Talk:Heraclitus

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the death and if he was married and had children


Unsourced[edit]

Wikiquote no longer allows unsourced quotations, and they are in process of being removed from our pages (see Wikiquote:Limits on quotations); but if you can provide a reliable, precise and verifiable source for any quote on this list please move it to Heraclitus. --Antiquary 19:30, 2 July 2009 (UTC)

One good secondary source: http://www.classicpersuasion.org/pw/heraclitus/herpatu.htm
6birc (talk) 09:23, 3 December 2013 (UTC)
  • A hidden connection is stronger than an obvious one.
    • Variant: Invisible harmony is better than visible.
  • Abundance of knowledge does not teach men to be wise.
  • Big results require big ambitions.
  • Deliberate violence is more to be quenched than a fire.
  • Good character is not formed in a week or a month. It is created little by little, day by day. Protracted and patient effort is needed to develop good character.
  • If it were not for injustice, men would not know justice.
  • Immortal mortals, mortal immortals, one living the others death and dying the others life.
  • It is in changing that things find purpose.
  • Justice will overtake fabricators of lies and false witnesses.
  • Men who are lovers of wisdom must be inquirers into many things.
    • Variants: Men who love wisdom should acquaint themselves with a great many particulars.
      Men who wish to know about the world must learn about it in its particular details.
  • Much learning does not teach understanding.
  • No one that encounters prosperity does not also encounter danger.
  • One must know that war is common, justice is strife, and everything happens according to strife and necessity.
  • One must talk about everything according to its nature, how it comes to be and how it grows. Men have talked about the world without paying attention to the world of their own minds, as if they were asleep or absent-minded.
  • Our envy always lasts longer than the happiness of those we envy.
  • Poor witnesses for men are their eyes and ears if they have barbarian souls.
    • Variants: Eyes and ears are poor witnesses to people if they have uncultured souls.
      Evil witnesses are eyes and ears of men, if they have souls that do not understand their language.
  • The best people renounce all for one goal, the eternal fame of mortals; but most people stuff themselves like cattle.
  • The eyes are more exact witnesses than the ears.
  • The Lord whose oracle is at Delphi neither reveals nor conceals, but gives a sign.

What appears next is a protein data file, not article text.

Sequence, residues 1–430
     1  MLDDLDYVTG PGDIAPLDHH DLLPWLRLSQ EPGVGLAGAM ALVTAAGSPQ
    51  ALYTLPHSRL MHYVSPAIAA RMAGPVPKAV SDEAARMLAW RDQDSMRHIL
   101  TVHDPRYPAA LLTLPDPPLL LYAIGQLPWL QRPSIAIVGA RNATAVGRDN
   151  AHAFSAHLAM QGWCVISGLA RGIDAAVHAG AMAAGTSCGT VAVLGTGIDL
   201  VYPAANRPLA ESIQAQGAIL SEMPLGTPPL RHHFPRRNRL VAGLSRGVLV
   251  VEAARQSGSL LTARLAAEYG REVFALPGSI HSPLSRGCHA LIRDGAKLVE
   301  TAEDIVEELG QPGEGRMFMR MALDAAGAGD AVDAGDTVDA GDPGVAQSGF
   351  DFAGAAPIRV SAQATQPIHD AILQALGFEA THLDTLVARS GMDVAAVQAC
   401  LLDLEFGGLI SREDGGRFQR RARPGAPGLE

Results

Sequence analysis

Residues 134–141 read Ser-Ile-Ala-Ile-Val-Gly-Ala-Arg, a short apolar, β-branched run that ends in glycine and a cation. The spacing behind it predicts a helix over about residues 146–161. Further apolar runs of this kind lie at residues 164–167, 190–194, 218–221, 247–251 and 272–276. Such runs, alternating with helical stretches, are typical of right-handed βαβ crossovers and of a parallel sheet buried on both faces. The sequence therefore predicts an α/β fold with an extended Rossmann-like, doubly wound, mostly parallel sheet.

• The most beautiful ape is ugly when compared to a human. The wisest human will seem like an ape when compared to a god with respect to wisdom, beauty, and everything else.
  • The most perfect mind is a dry light.
  • The phases of fire are craving and satiety.
  • The soul is dyed the color of its thoughts. Think only on those things that are in line with your principles and can bear the light of day. The content of your character is your choice. Day by day, what you do is who you become. Your integrity is your destiny — it is the light that guides your way.
  • The sun is new each day.
  • The world is nothing but a great desire to live and a great dissatisfaction with living.
  • There is exchange of all things for fire and of fire for all things, as there is of wares for gold and of gold for wares.
  • To do the same thing over and over again is not only boredom: it is to be controlled by rather than to control what you do.
    • Variant: To do the same thing over and over is not only boredom; it is to be controlled by rather than to control what you do.
  • To God everything is beautiful, good, and just; humans, however, think some things are unjust and others just.
    • Variant: To God all things are beautiful, good, and right; human beings, on the other hand, deem some things right and others wrong.
  • Uncomprehending when they have heard, they are like the deaf. The saying describes them: though present they are absent.
  • War is the father and king of all: some he has made gods, and some men; some slaves and some free.
  • We are most nearly ourselves when we achieve the seriousness of the child at play.
    • Variant: Man is most nearly himself when he achieves the seriousness of a child at play.
  • Where there is no strife there is decay: The mixture which is not shaken decomposes.
  • Wisdom is one thing — to know how to make true judgment, how all things are steered through all things.
  • All men are deceived by the appearances of things, even Homer himself, who was the wisest man in Greece; for he was deceived by boys catching lice, they said to him, "What we have caught and what we have killed we have left behind, but what has escaped us we bring with us."